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Posts Tagged ‘Roses Don’t Push The Car Home’

The Church of Low Expectations (2)My 11th album, “The Church of Low Expectations” is now available on Amazon, iTunes and CD Baby, released under my nom de rock,  Salon de la Guerre. It’s a pop album of dark doings, where strained, ethically challenged characters straddle the abyss but reach for the light. As I say on the music sites, it continues my “exploration of electronic music as a means of balancing noise and melody. Its lyrics include small vignettes of players and grifters who wistfully muse about life, helplessness and horror.”

This is my fourth album in 2016. I somehow managed to get 65 new songs produced since January after switching to Garage Band software on my iPhone 6s. Again, I don’t know if this is an advertisement for me or for Apple. I did sometimes use available loops and drum beats from Garage Band, but I also discovered a heretofore undiscovered talent to play piano–as long as it’s a tiny piano on a tiny phone. That made the arranging fast and easy.

Though “The Church of Low Expectations” and “Roses Don’t Push the Car Home” (released a couple of months ago) were recorded simultaneously and were really twin albums, I did see them diverging in theme and mood. “Roses” is more poppy and upbeat, and “Church” is more brooding and experimental, much more focused on dark themes like death and isolation, but unlike my album “Toe-Tapping Songs of Pain and Loss,” it’s thrown over garage rock noise for electronica and hip-hop beats.

It was a big leap for me and probably strange for anybody who has heard or liked any of my older albums. But it was worth it. Blame it on Apple, but I found new things I could do with music this year and I don’t know if I’ve ever been as excited or confident about making it.

For now, I’m going to let it rest. Of course, I have more song fragments in my head, but for now I need to attend to my long-neglected novels. If my time with music has taught me anything, it’s that finishing things feels really great.

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Roses Don't Push The Car Home_edited-1At the beginning of this year, fans, I thought I might be done with music for a while. I had just released my seventh album, “Clam Fake,” which I thought was my best achievement with music so far, and I was ready to go back and work with some other media. (I also love spending time with my beloved 4-year-old son, but that’s another matter).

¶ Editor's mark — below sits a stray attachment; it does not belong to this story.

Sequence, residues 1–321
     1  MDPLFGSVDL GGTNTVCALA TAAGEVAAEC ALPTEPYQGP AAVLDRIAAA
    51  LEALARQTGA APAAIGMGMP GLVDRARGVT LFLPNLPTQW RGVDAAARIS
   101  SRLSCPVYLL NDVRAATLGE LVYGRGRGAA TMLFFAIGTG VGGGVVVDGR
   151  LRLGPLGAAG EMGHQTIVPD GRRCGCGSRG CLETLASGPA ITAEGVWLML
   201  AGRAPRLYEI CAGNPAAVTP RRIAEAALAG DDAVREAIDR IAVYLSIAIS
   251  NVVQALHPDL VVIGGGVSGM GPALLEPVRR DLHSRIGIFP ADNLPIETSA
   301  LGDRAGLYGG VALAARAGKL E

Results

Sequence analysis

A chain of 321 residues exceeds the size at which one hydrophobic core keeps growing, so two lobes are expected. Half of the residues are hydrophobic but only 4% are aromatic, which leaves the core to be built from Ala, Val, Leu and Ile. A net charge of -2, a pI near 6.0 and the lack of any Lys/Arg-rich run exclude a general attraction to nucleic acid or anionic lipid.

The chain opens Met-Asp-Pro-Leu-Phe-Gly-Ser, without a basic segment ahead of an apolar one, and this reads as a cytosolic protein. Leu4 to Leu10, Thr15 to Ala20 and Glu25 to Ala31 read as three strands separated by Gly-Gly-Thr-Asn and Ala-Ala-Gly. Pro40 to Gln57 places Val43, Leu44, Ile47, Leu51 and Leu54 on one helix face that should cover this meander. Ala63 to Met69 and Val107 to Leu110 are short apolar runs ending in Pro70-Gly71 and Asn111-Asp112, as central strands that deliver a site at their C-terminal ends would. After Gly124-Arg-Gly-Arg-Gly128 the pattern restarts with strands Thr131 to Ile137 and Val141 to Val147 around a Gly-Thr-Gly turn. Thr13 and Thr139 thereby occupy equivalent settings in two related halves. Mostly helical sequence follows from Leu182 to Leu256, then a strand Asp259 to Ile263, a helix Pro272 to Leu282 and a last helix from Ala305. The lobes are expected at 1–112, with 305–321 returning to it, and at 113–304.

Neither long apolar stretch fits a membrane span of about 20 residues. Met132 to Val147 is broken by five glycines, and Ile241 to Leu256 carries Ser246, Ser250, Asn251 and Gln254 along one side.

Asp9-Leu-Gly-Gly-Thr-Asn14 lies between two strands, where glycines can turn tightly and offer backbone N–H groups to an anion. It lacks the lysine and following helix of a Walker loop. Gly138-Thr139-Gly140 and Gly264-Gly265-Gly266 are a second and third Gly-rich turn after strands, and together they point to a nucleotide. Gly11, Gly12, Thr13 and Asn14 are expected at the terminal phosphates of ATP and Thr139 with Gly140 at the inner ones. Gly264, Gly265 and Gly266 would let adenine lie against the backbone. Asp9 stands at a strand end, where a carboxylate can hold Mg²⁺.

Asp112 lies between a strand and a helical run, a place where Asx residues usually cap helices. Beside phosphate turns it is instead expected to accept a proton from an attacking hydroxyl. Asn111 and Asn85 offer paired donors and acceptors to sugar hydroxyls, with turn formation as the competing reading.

Because I’m an untutored music producer, most of my musical experiments have been made on a very old laptop with a very, very old version of a musical production software called Cubase LE. There is no support for this thing or for many of the old electronic boxes you could talk to it with (if you think the major software companies are unconcerned about the life cycle of the products they make you depend on, imagine the unmerciful attitude of a company whose business is musical equipment). With my old Cubase cutting out on me and my understanding of the next generation product practically nil, I felt as if I were going to have to learn a new language, and I thought, “No more music for me.”

But then I made a small discovery: My wife had bought me an iPhone 6 for Christmas, and tucked away on this tiny smartphone like a pea among many other apps I’d never use was a cute little version of Garage Band. I’d never had a Mac, and my initial confrontation with the product on the iPad didn’t give me confidence the phone version would be any good.

But then I made a song with it. Then another. Then, folks, I’d shamefully admit that I started to go fucking crazy. Since the beginning of this year, I have made almost four albums’ worth of music. Forty-five brand new songs. On my freakin’ phone! I made music in bed. I made music waiting for the treadmill. I made music while waiting for my wife to get out of the bathroom. I’ve made music on the train to work.

I do not want this to sound like an advertisement for Garage Band, necessarily, but there’s probably no hope of it sounding otherwise. A lot of the rawness of my producing that’s fairly obvious on my previous seven albums has been greatly reined in by Garage Band’s sound compression (it automatically gets rid of ugly frequencies I had to adjust for manually). I have also availed myself of loops and beats. So anybody familiar with my old stuff might be in for a shock and wonder what was up. No, the earth shattering reason for my change in sound was actually a banal software change.

What you have, of course, is a new album with almost no live instruments on it (real guitars appear only on two tracks, which were held over from “Clam Fake.”) There are some people who might find this offensive and fake. I’m one of those lucky people who don’t care. I like playing a real guitar and have on occasion done it well, but I feel that anybody who calls himself an artist works with imagination first and foremost and doesn’t spend a lot of time worrying about the materials used so much as the spirit that’s brought to them. Of course that means I can play rock music on my phone. Why the hell not?

That attitude is hopefully the continuity you might otherwise not see between my older work and the new album.

My eighth release is called “Roses Don’t Push The Car Home.” As of today (May 27) it is available on CD Baby and Amazon, and it will soon pop up on iTunes and other places where music is (still) sold.

Check out a sample of “Roses Don’t Push The Car Home” below:

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